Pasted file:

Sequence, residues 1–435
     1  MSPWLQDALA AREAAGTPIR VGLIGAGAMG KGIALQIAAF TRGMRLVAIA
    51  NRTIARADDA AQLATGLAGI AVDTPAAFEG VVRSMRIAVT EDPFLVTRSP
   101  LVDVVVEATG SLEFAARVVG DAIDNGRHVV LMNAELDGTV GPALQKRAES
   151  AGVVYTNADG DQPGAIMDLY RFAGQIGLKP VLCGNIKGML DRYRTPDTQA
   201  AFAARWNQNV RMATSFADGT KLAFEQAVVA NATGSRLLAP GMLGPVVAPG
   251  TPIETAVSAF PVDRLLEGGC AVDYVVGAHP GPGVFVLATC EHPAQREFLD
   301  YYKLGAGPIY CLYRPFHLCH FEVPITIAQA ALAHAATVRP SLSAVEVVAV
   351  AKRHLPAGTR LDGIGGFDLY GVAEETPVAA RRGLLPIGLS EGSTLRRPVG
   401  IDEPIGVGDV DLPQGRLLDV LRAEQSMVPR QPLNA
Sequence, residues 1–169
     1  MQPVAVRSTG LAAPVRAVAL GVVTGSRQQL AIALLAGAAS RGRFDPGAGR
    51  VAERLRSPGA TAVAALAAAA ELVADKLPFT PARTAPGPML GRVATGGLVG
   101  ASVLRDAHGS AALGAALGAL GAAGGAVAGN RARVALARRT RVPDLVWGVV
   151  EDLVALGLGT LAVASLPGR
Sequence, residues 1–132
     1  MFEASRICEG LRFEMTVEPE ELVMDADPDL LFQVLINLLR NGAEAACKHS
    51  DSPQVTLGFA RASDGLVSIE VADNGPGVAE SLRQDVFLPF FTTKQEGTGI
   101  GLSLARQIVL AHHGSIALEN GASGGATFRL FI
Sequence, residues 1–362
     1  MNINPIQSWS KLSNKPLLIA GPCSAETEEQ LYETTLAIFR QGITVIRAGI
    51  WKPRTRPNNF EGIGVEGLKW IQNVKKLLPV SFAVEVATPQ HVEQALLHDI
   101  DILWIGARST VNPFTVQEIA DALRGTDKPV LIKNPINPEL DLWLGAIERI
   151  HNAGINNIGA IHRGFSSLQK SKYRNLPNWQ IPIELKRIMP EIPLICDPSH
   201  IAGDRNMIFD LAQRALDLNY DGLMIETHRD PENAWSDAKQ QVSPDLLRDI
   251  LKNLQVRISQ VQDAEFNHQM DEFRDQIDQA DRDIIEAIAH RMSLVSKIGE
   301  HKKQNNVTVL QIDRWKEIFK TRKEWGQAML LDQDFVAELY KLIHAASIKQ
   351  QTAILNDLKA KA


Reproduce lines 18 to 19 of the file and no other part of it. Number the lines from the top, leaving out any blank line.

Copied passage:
    51  DSPQVTLGFA RASDGLVSIE VADNGPGVAE SLRQDVFLPF FTTKQEGTGI
   101  GLSLARQIVL AHHGSIALEN GASGGATFRL FI